9 November – Feast of the Dedication of the Lateran Basilica in Rome
The Basilica of St. John Lateran is the cathedral of the church of Rome and the official ecclesiastical seat of the Bishop of Rome, who is the Pope. It is officially named “Archbasilica of the Most Holy Saviour, St. John Baptist and St. John the Evangelist at the Lateran”.
It is the oldest and ranks first (being the cathedral of Rome) among the four major basilicas of Rome, and holds the title of ecumenical mother church (mother church of the whole inhabited world). An inscription on the façade, Christo Salvatore, dedicates the Lateran as the Archbasilica of the Most Holy Saviour, for the cathedrals of all patriarchs are dedicated to Christ Himself. As the cathedral of the Bishop of Rome, containing the papal throne, it ranks above all other churches, even above St. Peter’s Basilica in the Vatican.
The angel brought me to the entrance of the Temple, where a stream came out from under the Temple threshold and flowed eastwards, since the Temple faced east. The water flowed from under the right side of the Temple, south of the altar. He took me out by the north gate and led me right round outside as far as the outer east gate where the water flowed out on the right-hand side. He said, ‘This water flows east down to the Arabah and to the sea; and flowing into the sea it makes its waters wholesome. Wherever the river flows, all living creatures teeming in it will live. Fish will be very plentiful, for wherever the water goes it brings health, and life teems wherever the river flows. Along the river, on either bank, will grow every kind of fruit tree with leaves that never wither and fruit that never fails; they will bear new fruit every month, because this water comes from the sanctuary. And their fruit will be good to eat and the leaves medicinal.’
1 Corinthians 3:9-11,16-17
You are God’s building. By the grace God gave me, I succeeded as an architect and laid the foundations, on which someone else is doing the building. Everyone doing the building must work carefully. For the foundation, nobody can lay any other than the one which has already been laid, that is Jesus Christ.
Didn’t you realise that you were God’s temple and that the Spirit of God was living among you? If anybody should destroy the temple of God, God will destroy him, because the temple of God is sacred; and you are that temple.
Just before the Jewish Passover Jesus went up to Jerusalem, and in the Temple he found people selling cattle and sheep and pigeons, and the money changers sitting at their counters there. Making a whip out of some cord, he drove them all out of the Temple, cattle and sheep as well, scattered the money changers’ coins, knocked their tables over and said to the pigeon-sellers, ‘Take all this out of here and stop turning my Father’s house into a market.’ Then his disciples remembered the words of scripture: Zeal for your house will devour me. The Jews intervened and said, ‘What sign can you show us to justify what you have done?’ Jesus answered, ‘Destroy this sanctuary, and in three days I will raise it up.’ The Jews replied, ‘It has taken forty-six years to build this sanctuary: are you going to raise it up in three days?’ But he was speaking of the sanctuary that was his body, and when Jesus rose from the dead, his disciples remembered that he had said this, and they believed the scripture and the words he had said.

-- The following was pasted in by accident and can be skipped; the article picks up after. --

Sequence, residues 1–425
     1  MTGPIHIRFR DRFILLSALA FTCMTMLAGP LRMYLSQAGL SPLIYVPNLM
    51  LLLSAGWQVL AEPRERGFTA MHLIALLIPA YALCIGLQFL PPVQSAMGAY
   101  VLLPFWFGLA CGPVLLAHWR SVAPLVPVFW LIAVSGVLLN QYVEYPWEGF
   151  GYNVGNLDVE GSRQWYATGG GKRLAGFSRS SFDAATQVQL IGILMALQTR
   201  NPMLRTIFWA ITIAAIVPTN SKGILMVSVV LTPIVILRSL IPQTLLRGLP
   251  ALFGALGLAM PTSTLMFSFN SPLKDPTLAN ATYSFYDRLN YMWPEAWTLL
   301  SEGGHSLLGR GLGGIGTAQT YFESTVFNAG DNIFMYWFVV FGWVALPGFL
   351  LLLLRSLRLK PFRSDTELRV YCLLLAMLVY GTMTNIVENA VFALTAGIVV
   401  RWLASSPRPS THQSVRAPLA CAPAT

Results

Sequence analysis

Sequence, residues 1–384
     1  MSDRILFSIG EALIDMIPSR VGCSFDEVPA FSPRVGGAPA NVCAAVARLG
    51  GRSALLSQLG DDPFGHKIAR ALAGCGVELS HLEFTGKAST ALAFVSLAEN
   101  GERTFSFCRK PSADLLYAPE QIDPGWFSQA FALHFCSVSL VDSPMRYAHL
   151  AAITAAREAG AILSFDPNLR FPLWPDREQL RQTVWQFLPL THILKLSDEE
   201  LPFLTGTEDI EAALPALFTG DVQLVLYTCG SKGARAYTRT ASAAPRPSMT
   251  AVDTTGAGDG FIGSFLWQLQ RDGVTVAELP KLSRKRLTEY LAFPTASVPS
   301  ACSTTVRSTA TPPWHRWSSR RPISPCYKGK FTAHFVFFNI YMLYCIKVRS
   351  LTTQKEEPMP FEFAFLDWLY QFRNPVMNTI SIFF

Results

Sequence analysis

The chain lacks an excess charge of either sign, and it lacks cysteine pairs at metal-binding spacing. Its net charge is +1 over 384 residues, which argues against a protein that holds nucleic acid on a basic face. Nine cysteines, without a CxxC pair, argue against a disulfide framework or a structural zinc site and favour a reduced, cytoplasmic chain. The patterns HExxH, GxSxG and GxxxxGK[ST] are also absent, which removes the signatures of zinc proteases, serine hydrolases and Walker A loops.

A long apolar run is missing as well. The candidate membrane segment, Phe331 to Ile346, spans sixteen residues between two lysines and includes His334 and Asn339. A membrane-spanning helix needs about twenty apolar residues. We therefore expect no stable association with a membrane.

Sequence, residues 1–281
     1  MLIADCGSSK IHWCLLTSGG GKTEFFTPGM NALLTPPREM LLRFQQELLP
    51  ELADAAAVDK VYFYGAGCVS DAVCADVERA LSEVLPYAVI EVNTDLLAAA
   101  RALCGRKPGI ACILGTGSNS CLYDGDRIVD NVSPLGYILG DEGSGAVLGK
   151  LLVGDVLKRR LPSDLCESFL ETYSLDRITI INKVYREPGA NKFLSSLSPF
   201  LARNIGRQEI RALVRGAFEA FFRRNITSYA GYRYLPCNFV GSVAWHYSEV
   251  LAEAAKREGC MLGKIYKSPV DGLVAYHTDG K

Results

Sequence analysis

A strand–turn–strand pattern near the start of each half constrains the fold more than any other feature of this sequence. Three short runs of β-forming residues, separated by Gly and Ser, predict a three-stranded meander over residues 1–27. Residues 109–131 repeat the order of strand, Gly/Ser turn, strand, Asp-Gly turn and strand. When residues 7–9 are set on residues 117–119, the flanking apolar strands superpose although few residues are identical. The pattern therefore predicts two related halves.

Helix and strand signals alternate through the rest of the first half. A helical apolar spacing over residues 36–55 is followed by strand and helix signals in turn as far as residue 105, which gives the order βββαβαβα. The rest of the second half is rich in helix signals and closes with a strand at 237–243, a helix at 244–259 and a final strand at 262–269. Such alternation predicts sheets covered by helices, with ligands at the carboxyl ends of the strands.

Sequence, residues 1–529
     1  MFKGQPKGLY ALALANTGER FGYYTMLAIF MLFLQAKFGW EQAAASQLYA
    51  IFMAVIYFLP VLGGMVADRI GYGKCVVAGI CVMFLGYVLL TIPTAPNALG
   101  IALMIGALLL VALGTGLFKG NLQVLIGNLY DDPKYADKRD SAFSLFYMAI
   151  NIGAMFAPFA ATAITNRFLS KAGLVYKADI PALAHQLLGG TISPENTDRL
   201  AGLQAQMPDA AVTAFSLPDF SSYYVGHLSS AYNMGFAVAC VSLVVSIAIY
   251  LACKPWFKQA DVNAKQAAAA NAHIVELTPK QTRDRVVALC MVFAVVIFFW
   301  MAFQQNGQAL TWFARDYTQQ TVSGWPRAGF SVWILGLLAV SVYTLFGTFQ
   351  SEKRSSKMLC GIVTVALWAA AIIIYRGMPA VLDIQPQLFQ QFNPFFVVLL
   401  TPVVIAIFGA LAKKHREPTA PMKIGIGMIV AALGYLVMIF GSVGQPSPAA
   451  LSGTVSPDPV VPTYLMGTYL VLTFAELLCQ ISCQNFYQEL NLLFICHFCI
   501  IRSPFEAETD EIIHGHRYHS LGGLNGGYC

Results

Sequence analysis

The temple of God is sacred
Since I became a Catholic in the 1980s, going to church was both a weekly obligation and an opportunity to catch up with friends for a good meal and some socialising. I would step into church and find my seat in the pew and wait for mass to begin. Very often, during mass, I would think about what to have for lunch, frequently checking my watch to see when mass would end. Post-mass, I would go off, happy to have done my part as a ‘good Catholic’.
The big change happened when I attended a retreat. I was blessed that we spent a lot of time before the Blessed Sacrament. Before I realized it, I began to experience God’s presence, fully and in a way that I have never before. In my reflections, I felt that I had been chastised, gently, about the cavalier way which I had towards our Lord.
This was what happened in today’s gospel. Over time, the people had forgotten the sacredness of the temple, and increasingly, selfish human nature took over. Jesus, in driving the traders out of the temple, seeks to remind them (and us) that we are to always be reverential towards our God. The irreverence of the traders was so extensive that Jesus literally lashed out in anger, using a cord to physically whip and drive them out of the temple.
Today also celebrates the feast day of the dedication of the St. John Lateran Basilica in Rome, the only feast day to do so. While St Peter’s Basilica is often thought to be the main church of the Catholic Church, it is not. Instead, the Pope’s official church is the Basilica of St. John Lateran, the land of which was given to the Church by the Emperor Constantine in the year 324, although the current Basilica was rebuilt in the 16th century. As the official home of the Pope as Bishop of Rome, this structure is truly magnificent.
Brothers and sisters, as we celebrate this special feast today, let us remember that when we step into the house of God, we are there to celebrate the sacrifice of His son Jesus Christ, who gave himself up for all of us. Let us always maintain a reverence and sense of decorum in His house.
(Today’s Oxygen by Paul Wee)
Prayer: Lord, help us to never keep score about what we are doing; the ‘good things’, thinking that this would help us to secure our place in heaven. Help us Lord, to offer all these to you in love, as a gift to You.
Thanksgiving: Father God, thank you for always loving us and being there for us. Thank you for sending your precious Son, Jesus, to die for us. Thank you for giving us the gift of eternal life.